Astronomy in Ireland - Réalteolaíocht in Éirinn
As an Irish astronomer, St Patrick’s Day seems like an appropriate day on which to talk briefly about the history (and pre-history) of astronomy in Ireland. The Irish word for astronomy ‘réalteolaíocht’ is formed as a compound word from réalta (star) + eolaíocht (science).
Irish people have, in spite of (or perhaps because of) the frequently cloudy weather, been fascinated with the night sky for millennia. While Stonehenge in the UK gets a lot of well-deserved fame and attention for its celestial alignments, which are a marvellous feat, it may come as a surprise to some readers to learn that on the other side of the Irish Sea, there lies an even older Neolithic monument, which also contains an alignment with the motion of the Sun.
The Neolithic Monument of Newgrange. The people standing near the entrance give you a sense of scale of the earthworks involved in its construction. Image Credit: Dr Rok NežičLink opens in a new window
Newgrange (or in Irish ‘Sí na Brú’) is a Neolithic passage tomb. Passage tombs are common in Ireland, and are mounds of earth and stone with an inner chamber which are generally believed to have been used for ritual purposes such as worship, burials and cremations. It is estimated that Newgrange was constructed around 3200 BCE, making it 500 years older than both the Great Pyramid of Giza, and the stone circle of Stonehenge. The whole structure is 75-85 metres in width, and is about 12 metres high.
The entrance to Newgrange. The entrance has been somewhat restored since its rediscovery at the end of the 17th Century. The Roof Box can be clearly seen above the doorway. Image credit: Dr Rok Nežič
Perhaps the most significant aspect of the construction of Newgrange is the orientation of the immense structure. The entrance was constructed specifically so that, on the morning of the winter solstice, the first rays of sunlight shine through a specially constructed ‘Roof Box’ above the doorway, and illuminate the chamber. This shows the remarkable level of understanding that the ancient people of Ireland had of the motion of the Sun through the sky throughout the year, as well as the significance that this had in their lives. By marking the time of year when daylight was at its shortest, they could celebrate the fact that the darkness of winter had reached its peak, and that brighter days lay ahead. Shamefully, I must admit I have not actually visited Newgrange myself, but I do intend to visit one day! Understandably, there is always a keen interest in visiting on the morning of the winter solstice. Given the space within the chamber, only a very small number of people, usually chosen by lottery, are fortunate enough to witness the solstice sunrise, a number which is made even smaller by the unreliability of the weather in December!!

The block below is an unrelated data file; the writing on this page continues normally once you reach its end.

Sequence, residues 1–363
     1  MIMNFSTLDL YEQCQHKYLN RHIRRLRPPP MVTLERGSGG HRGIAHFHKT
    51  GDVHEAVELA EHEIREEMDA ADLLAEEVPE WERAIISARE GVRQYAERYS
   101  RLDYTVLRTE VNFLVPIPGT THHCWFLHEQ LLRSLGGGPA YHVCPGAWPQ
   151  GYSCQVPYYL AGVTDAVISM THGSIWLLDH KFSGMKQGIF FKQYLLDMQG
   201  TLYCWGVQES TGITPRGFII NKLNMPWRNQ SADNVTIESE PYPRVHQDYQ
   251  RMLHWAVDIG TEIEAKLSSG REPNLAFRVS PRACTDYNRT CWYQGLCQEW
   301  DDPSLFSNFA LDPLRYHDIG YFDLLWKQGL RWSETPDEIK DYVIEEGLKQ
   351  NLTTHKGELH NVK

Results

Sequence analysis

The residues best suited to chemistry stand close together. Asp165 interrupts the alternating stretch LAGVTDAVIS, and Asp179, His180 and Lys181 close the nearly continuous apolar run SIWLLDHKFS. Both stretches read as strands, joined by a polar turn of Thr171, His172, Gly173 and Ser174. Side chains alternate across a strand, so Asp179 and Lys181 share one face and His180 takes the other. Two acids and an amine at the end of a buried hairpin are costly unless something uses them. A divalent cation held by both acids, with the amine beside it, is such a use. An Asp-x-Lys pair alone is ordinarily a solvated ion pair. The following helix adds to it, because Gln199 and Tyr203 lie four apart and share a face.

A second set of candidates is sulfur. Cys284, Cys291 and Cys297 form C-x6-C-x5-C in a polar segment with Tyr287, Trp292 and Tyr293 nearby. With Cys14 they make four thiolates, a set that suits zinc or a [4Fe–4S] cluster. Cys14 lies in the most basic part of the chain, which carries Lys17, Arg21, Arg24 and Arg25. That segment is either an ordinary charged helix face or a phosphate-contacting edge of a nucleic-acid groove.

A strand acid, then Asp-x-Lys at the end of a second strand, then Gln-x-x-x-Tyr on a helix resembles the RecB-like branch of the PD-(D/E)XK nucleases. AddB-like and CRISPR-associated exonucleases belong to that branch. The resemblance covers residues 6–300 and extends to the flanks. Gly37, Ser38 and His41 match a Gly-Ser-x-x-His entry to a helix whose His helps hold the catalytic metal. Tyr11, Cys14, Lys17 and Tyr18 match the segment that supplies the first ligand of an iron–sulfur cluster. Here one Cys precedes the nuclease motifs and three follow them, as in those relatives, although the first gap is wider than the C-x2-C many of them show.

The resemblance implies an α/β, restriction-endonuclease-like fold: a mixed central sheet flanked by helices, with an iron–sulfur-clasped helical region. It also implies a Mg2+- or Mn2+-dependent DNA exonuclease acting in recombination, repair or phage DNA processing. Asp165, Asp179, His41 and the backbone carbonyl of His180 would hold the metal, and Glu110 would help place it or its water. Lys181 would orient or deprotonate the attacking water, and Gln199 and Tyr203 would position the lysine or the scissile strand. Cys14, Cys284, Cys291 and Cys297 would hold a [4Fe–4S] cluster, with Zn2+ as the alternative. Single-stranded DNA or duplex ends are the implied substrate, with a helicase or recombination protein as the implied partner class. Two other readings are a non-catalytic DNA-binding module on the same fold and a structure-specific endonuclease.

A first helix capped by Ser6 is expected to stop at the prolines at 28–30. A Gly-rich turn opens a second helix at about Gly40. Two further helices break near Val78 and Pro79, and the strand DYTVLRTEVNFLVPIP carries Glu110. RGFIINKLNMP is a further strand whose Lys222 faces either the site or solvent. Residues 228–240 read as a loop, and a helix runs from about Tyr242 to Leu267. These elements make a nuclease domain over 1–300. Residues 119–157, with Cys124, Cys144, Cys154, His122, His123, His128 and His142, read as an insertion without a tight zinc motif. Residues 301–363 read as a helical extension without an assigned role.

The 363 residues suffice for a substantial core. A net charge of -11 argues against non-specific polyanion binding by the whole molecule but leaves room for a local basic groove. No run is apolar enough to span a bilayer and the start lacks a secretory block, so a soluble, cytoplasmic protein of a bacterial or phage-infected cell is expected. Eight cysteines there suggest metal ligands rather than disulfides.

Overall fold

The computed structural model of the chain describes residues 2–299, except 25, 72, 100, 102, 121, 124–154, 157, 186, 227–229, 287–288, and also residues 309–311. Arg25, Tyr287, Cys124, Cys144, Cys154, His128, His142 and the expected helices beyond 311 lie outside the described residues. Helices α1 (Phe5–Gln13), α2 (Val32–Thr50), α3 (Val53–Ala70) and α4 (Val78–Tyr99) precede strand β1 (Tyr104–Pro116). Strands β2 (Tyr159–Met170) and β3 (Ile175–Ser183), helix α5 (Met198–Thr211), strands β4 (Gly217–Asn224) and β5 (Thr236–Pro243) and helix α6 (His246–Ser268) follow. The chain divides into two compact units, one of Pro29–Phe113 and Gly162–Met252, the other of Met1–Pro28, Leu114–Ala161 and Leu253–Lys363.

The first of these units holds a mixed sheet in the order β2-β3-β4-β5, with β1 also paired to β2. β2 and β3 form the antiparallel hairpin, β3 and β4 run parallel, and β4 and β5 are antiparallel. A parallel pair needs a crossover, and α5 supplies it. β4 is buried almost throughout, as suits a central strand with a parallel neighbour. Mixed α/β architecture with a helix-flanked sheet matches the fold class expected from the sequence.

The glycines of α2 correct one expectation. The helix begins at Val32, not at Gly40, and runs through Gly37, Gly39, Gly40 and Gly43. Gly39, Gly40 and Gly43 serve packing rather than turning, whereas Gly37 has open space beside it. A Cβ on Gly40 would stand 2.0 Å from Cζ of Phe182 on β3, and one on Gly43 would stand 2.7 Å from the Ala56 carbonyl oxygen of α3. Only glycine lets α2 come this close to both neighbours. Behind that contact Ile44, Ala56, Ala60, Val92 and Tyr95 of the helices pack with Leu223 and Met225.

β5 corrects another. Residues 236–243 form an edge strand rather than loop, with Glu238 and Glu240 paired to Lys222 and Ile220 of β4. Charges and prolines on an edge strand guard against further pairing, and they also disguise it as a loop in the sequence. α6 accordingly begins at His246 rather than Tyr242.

Much like the site around Stonehenge containing more than just a single stone circle, the area around Newgrange is rife with various other Stone Age monuments. As recently as 2018, aerial photography during a period of exceptionally dry weather revealed evidence of a henge-like construction, likely to date from around 2500 BCE.
News video report of 2018 discovery (Twitter)Link opens in a new window
The whole area, known as Brú na Bóinne (the bend in the Boyne [river]) is recognised as a UNESCO World Heritage Site, a tribute to its significance, not only to Ireland, but to the world, as a prime example of a Neolithic monument.
The Slieve Gullion Passage Tomb, highest surviving passage tomb in Ireland (573 metres above sea level), visited on a windy day in August 2021. Images are my own :)
Another example of a passage tomb can be found on the summit of Slieve Gullion in County Armagh. This tomb is the highest surviving example in Ireland, and the entrance passageway is aligned to face the setting sun on the winter solstice, rather than the sunrise as is the case in Newgrange. This one I can say I have visited, as you can see in the picture above! And having climbed to it in August when the weather is more hospitable, I will say that I have great respect for anyone who has been there at sunset on December 21st and has then had to navigate down off the mountain in the cold, wind and darkness! It is also colloquially referred to as Calliagh Birra's House, in reference to a divine being in Irish mythology, which I can't go into here without going wildly off-topic!
The Largest Telescope in the World